Rosewood Mansion on Turtle Creek’s former catering director Rudy Eisele, Caroline Rose Hunt, and the Mansion’s former managing director Alexander de Toth in a photo from June 1986.
Billie Leigh Rippey, Caroline Rose Hunt, Bobbie Sue Williams and Lynn Mahurin
Lynn Mahurin, Ruth Sharp Altshuler, Caroline Rose Hunt
Barbara Womble, Caroline Rose Hunt
The Rosewood Mansion on Turtle Creek is the perfect venue for starting out 12 days of cocktailing.
Caroline Rose Hunt, who died Tuesday night at 95, was the daughter of Texas oilman H.L. Hunt and one of the richest women in the world. But it wasn’t wealth or the Hunt name that defined her — she lived an unassuming lifestyle marked by generosity, kindness, and integrity, according to those who knew her. She is also remembered for her significant contributions to Dallas, both as a savvy businesswoman and as a dedicated supporter of numerous charitable causes and the arts.
With a swirl of silver hair and a radiant smile, Hunt was a steel magnolia with a soft inner core, remembers Crawford Brock, owner of luxury retail store Korshak, located inside The Crescent complex. Hunt and The Rosewood Corporation developed the 10-acre, Philip Johnson-designed complex in 1987.
“She was a kind and warm person,” Brock says. “Everyone always says that about her, because it’s true.”
Hunt hired Brock away from Neiman Marcus in Beverly Hills to run Korshak, when he was just starting his career. Early on, she invited him to escort her to a small, private dinner hosted by real estate developer Trammell Crow, at his Preston Road estate.
“I was 33 and terrified. You have no idea,” Brock says. “But she talked to me like I was part of the family, and made me feel totally comfortable. That’s how she was.”
Brock purchased Korshak in 2002, an accomplishment he attributes to Hunt’s encouragement and enthusiasm. “She made everyone feel good about what we were doing, and that absolutely gave us confidence that we could conquer anything,” he says.
Hunt’s kind heart was contrasted by an astute head for business. In 1979 she turned a trust given to her by her wildcatter father into The Rosewood Corporation, launching her from heiress to legendary hotelier and real estate developer. Hunt saw possibilities in neglected areas of town, and in the process changed the face of Dallas.
She bought the dilapidated Sheppard King Mansion and surrounding land, converting it into The Mansion on Turtle Creek. Built on a 13-acre car lot, The Crescent development revitalized a deteriorating neighborhood north of downtown, paving the way for a future vibrant Uptown.
Hunt’s net worth was $1 billion at its height in the late 1980s. She made news when Rosewood Hotels and Resorts sold its Hotel Bel Air in Beverly Hills to a Japanese company for $110 million. She owned and managed 18 properties under the Rosewood Hotels and Resorts umbrella, ultimately selling everything, including interests in the Crescent, in 2011 to a Hong Kong billionaire. She didn’t get emotionally tied to her properties, she once explained, and that allowed her to make profitable business decisions.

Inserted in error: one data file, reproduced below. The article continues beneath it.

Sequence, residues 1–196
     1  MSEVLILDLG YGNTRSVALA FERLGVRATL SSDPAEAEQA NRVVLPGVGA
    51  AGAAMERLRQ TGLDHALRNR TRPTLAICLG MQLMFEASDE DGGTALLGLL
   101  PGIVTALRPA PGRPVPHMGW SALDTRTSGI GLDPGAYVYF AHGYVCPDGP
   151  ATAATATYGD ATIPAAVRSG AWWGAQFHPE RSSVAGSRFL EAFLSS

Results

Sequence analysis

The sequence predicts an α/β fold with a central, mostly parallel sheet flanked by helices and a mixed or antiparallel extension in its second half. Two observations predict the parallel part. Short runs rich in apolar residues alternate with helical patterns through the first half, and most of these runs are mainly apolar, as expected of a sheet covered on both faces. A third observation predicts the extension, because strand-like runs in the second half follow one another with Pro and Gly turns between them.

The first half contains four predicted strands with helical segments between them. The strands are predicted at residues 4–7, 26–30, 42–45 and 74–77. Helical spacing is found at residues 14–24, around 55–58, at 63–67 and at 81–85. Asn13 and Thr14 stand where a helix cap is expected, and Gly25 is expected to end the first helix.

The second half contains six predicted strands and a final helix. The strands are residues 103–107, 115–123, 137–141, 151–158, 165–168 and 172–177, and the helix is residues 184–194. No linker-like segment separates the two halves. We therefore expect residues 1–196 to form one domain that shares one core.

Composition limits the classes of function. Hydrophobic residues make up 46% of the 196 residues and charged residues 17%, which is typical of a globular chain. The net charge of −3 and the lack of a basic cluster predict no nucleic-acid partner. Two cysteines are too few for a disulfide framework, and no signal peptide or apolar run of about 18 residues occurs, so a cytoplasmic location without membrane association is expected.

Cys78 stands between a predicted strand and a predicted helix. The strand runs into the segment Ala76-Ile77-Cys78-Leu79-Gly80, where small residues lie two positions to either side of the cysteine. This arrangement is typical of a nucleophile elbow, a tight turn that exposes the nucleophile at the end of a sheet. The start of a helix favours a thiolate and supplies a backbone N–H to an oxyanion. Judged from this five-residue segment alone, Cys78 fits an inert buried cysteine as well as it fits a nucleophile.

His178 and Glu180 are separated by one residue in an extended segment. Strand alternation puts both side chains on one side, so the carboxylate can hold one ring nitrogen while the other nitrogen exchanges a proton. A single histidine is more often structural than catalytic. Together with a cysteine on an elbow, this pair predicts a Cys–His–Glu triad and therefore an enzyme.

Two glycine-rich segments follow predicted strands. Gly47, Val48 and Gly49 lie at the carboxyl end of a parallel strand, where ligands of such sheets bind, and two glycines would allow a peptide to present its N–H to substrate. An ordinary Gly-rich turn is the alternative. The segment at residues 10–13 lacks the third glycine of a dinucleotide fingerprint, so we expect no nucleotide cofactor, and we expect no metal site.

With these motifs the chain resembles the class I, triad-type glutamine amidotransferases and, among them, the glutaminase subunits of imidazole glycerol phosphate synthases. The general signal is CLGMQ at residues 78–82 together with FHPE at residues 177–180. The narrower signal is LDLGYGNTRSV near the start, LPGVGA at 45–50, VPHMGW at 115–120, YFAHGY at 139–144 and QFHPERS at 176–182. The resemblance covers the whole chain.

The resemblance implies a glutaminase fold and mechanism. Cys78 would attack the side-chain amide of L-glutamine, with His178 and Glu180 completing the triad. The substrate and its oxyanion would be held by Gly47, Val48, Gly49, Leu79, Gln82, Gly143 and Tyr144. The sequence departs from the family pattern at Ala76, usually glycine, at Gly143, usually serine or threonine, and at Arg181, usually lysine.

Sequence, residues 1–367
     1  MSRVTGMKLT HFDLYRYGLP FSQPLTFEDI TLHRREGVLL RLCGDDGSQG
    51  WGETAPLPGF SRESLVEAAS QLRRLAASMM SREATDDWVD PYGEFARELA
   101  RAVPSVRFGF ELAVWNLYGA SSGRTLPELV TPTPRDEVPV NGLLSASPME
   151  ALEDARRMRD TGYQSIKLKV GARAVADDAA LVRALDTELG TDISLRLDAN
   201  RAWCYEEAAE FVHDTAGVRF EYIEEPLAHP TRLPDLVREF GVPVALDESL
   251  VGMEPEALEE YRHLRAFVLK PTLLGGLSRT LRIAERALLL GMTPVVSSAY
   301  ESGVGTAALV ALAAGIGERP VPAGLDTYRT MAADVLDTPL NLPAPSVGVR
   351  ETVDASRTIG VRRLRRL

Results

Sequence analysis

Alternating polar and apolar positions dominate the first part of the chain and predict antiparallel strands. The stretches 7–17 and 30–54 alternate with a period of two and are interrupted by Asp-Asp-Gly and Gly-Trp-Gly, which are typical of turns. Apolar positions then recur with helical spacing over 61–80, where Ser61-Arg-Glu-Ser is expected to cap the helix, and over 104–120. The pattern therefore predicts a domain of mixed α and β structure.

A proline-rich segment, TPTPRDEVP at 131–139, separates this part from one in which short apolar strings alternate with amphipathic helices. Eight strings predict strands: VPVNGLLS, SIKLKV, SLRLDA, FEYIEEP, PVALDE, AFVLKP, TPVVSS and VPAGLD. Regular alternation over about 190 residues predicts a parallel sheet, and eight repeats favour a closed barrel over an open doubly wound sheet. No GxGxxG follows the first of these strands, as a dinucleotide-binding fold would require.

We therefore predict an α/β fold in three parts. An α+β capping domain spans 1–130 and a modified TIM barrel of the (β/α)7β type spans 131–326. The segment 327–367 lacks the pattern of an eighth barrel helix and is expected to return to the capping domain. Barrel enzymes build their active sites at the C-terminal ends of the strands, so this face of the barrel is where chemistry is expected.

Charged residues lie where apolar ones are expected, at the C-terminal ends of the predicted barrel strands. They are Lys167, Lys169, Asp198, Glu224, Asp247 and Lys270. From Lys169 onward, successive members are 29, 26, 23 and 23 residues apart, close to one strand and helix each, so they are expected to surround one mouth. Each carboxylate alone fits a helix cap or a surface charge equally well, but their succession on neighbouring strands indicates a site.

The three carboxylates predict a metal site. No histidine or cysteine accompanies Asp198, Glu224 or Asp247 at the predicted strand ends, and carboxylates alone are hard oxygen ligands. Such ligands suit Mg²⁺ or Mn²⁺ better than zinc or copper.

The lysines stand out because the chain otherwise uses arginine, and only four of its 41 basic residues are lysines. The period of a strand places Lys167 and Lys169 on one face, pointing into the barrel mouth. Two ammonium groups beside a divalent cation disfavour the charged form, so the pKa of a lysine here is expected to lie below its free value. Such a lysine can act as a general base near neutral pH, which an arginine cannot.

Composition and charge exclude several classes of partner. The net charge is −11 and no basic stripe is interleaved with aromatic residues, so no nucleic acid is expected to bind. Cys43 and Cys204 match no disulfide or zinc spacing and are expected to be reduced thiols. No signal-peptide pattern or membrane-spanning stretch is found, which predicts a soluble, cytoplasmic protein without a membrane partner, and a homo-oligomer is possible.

She lived for decades in a small, one-bedroom suite at the Hotel Crescent Court. Former columnist Alan Peppard, who frequently covered Hunt and the charities she championed, says she was without pretense.
“How did one contact the great and powerful Caroline Rose Hunt? Call the hotel, ask for her room. Without questions, they connected you and she answered the phone,” Peppard says. “She told me, ‘They screened my calls for a short time, but that was just silly.’”
Caroline Rose Hunt was born in 1923 in El Dorado, Arkansas, to humble beginnings. Her sister Margaret Hunt Hill wrote in a 1994 autobiography that the family borrowed a laundry basket to use as Caroline’s crib. Even after their father struck it rich in an east Texas oil field, and Caroline went on to run a hotel empire, her sister was notoriously thrifty. She flew coach and often wore the same dresses to events for years.
Caroline raised five children with first husband Loyd Sands, keeping house, cooking, and tending the children herself, according Margaret. She had 19 grandchildren and 23 great grandchildren.
She was generous with others, donating her time and money to many charities and organizations. Those closest to her heart included Dallas CASA, Dallas Arboretum and Botanical Garden, Dallas Children’s Theater, The Crystal Charity Ball, and Retina Foundation of the Southwest.
Hunt had an ample sense of humor, was an accomplished gourmet cook, and wrote books — including a cookbook, The Compleat Pumpkin Eater, published in 1980. Of its 440 recipes, a made-up banquet elephant stew for 3,882 people was inserted in the middle of the book as a joke. Her second husband, the late Buddy Schoellkopf, started a helicopter charter company which he named Pumpkin Air in honor of her, and painted his fleet of aircraft orange.
The Texas Business Hall of Fame honored Hunt in 1999, and she received countless awards for her charitable and arts services. Hunt was the first woman deacon at Highland Park Presbyterian Church, where she was a member. She was also a skilled deep sea fisherwoman, and was photographed with an award-winning, 184-pound halibut she’d just landed in Homer, Alaska.